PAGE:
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Well, it’s been a busy month. That’s putting it somewhat mildly – the last week or so has been possibly the hardest I’ve ever worked on a project, putting in anywhere from 8-12 hours every day and culminating in one last completely brutal 14 hour day on the first of February to wrap the project up. It’s still not perfect, I could definitely find plenty to do if I wanted to spend a week or so on polish and fixes, but for now I really just need to let this one go, because I’m exhausted and I want to move on to something else.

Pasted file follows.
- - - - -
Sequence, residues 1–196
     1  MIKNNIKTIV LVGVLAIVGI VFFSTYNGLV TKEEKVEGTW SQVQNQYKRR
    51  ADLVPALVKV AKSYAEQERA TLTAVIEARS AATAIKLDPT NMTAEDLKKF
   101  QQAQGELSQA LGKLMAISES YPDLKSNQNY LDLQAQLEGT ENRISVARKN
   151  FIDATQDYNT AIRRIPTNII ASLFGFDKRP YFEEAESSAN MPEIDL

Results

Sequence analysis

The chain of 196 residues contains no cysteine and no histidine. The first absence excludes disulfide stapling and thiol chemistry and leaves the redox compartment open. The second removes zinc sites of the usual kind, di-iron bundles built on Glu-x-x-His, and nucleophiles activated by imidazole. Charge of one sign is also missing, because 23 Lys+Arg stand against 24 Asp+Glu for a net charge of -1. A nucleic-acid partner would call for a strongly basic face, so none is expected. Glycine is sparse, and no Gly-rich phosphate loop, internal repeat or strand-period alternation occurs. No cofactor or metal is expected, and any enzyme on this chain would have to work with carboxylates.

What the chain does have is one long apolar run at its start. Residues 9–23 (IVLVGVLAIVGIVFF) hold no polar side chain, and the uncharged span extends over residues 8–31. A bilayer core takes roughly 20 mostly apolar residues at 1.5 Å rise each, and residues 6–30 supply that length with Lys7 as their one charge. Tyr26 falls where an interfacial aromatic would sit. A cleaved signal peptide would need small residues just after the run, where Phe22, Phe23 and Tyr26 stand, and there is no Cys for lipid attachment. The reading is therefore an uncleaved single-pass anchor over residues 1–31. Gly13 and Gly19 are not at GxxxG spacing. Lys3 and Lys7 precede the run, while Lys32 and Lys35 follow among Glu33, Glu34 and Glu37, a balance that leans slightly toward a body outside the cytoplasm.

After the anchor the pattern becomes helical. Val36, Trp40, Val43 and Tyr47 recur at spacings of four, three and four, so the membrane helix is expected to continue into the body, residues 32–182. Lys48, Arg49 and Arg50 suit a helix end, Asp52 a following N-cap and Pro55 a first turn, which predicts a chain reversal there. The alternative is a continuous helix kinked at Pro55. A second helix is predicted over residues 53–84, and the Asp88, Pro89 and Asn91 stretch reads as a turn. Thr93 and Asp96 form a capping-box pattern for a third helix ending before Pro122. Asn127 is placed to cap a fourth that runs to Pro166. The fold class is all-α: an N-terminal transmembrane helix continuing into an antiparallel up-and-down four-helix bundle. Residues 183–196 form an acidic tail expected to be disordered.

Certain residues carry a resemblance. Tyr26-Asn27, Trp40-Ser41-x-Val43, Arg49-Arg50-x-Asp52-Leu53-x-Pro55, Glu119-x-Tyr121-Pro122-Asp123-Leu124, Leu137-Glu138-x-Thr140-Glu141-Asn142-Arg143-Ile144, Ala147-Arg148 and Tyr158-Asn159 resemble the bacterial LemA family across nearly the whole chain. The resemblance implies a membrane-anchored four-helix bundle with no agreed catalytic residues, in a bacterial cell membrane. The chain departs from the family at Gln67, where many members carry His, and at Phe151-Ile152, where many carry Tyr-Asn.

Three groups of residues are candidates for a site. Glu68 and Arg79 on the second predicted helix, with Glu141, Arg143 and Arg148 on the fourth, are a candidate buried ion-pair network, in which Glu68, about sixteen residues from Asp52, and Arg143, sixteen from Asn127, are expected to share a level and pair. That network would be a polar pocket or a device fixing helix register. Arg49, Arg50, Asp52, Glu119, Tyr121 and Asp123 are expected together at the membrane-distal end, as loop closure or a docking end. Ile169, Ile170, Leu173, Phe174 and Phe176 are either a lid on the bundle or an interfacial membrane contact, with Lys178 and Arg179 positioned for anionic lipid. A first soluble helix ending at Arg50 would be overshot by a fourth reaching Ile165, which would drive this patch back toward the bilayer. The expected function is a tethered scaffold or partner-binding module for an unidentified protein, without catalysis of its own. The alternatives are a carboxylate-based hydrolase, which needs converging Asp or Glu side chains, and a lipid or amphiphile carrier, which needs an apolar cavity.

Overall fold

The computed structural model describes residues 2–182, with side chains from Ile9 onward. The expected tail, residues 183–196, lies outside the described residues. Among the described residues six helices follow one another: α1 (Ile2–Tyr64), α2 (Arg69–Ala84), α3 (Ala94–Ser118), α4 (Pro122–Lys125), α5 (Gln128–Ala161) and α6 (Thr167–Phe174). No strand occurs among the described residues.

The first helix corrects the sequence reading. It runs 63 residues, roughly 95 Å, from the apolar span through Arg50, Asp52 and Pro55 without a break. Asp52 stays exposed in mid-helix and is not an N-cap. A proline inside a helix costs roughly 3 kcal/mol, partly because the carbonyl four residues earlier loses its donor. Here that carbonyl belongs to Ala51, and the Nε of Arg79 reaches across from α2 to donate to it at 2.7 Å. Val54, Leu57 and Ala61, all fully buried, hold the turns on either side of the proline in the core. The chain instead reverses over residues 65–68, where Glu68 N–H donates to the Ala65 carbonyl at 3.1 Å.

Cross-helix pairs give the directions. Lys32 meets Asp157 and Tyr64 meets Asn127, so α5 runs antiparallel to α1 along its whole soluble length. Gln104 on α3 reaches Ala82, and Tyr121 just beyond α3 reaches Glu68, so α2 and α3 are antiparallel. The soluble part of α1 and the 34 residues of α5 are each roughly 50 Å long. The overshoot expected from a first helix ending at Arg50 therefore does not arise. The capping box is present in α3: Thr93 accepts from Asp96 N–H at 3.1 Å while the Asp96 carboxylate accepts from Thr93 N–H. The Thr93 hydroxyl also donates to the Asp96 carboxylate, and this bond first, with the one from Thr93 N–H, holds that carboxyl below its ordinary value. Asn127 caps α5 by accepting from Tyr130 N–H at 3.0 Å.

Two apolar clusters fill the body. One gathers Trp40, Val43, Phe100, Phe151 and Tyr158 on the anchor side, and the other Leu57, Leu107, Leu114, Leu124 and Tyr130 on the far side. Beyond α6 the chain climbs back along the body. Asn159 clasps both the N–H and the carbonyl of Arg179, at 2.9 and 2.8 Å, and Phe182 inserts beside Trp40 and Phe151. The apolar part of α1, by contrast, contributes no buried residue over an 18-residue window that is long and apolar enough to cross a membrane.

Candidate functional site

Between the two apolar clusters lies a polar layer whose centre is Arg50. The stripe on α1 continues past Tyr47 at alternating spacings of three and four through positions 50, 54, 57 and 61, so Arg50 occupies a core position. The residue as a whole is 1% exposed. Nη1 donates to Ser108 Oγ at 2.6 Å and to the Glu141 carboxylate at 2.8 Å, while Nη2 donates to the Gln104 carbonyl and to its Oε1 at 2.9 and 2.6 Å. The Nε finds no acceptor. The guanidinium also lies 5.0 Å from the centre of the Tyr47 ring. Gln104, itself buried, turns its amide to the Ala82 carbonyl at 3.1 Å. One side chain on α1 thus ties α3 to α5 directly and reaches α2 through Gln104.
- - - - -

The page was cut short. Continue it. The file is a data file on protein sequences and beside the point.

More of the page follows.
For January, I participated in Wizard Jam, the Idle Thumbs community game jam. The premise of the jam is to create a game based on the title of an Idle Thumbs network podcast, and since many of those titles tend to be weird and imaginative to start with there’s plenty to work with. I picked The Convergence Compulsion, and then later when I found out that someone else was interested in using the same title, appended the subtitle “The Satisfaction of a Job Well Done”, another podcast title. My very early conception of a game to go with this title was a fast-paced 2d puzzle game in the vein of a match-3 or Tetris where you tried to get different laser beams to line up, but the idea that eventually captured my imagination was a game where you build machines out of elements that emit power, manipulate it, and then turn it into some sort of work. Along the way, it shifted away from the idea of building complex machines and towards figuring out a solution to a puzzle made out of a few components and a number of simple humanoids, kind of like the games The Incredible Machine and Lemmings. At the end it came out pretty close to that, except most of the humanoid behavior had to be cut/simplified.